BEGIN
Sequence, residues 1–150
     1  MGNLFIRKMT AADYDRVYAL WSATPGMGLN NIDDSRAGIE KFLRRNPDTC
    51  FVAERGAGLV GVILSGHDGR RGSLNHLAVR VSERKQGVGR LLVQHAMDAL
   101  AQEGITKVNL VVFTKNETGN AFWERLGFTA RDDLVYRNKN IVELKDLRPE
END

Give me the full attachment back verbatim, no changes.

Sequence, residues 1–150
     1  MGNLFIRKMT AADYDRVYAL WSATPGMGLN NIDDSRAGIE KFLRRNPDTC
    51  FVAERGAGLV GVILSGHDGR RGSLNHLAVR VSERKQGVGR LLVQHAMDAL
   101  AQEGITKVNL VVFTKNETGN AFWERLGFTA RDDLVYRNKN IVELKDLRPE